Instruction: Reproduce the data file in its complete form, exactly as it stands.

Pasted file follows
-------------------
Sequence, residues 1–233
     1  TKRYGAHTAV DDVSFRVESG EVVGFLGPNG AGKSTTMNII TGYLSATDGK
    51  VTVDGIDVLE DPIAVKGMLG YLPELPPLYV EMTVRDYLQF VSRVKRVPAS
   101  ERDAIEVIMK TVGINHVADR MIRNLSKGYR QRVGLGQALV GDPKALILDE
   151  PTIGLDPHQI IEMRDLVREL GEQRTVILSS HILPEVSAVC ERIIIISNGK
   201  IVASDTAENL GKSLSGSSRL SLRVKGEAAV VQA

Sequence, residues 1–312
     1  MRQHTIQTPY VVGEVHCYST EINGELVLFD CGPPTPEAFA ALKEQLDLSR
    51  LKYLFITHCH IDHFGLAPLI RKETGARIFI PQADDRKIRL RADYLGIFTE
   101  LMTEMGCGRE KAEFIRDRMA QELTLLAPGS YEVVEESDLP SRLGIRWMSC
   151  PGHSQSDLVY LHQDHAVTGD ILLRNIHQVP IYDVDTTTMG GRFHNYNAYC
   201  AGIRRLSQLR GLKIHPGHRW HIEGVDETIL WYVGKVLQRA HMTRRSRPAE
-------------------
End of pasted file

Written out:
Sequence, residues 1–233
     1  TKRYGAHTAV DDVSFRVESG EVVGFLGPNG AGKSTTMNII TGYLSATDGK
    51  VTVDGIDVLE DPIAVKGMLG YLPELPPLYV EMTVRDYLQF VSRVKRVPAS
   101  ERDAIEVIMK TVGINHVADR MIRNLSKGYR QRVGLGQALV GDPKALILDE
   151  PTIGLDPHQI IEMRDLVREL GEQRTVILSS HILPEVSAVC ERIIIISNGK
   201  IVASDTAENL GKSLSGSSRL SLRVKGEAAV VQA

Sequence, residues 1–312
     1  MRQHTIQTPY VVGEVHCYST EINGELVLFD CGPPTPEAFA ALKEQLDLSR
    51  LKYLFITHCH IDHFGLAPLI RKETGARIFI PQADDRKIRL RADYLGIFTE
   101  LMTEMGCGRE KAEFIRDRMA QELTLLAPGS YEVVEESDLP SRLGIRWMSC
   151  PGHSQSDLVY LHQDHAVTGD ILLRNIHQVP IYDVDTTTMG GRFHNYNAYC
   201  AGIRRLSQLR GLKIHPGHRW HIEGVDETIL WYVGKVLQRA HMTRRSRPAE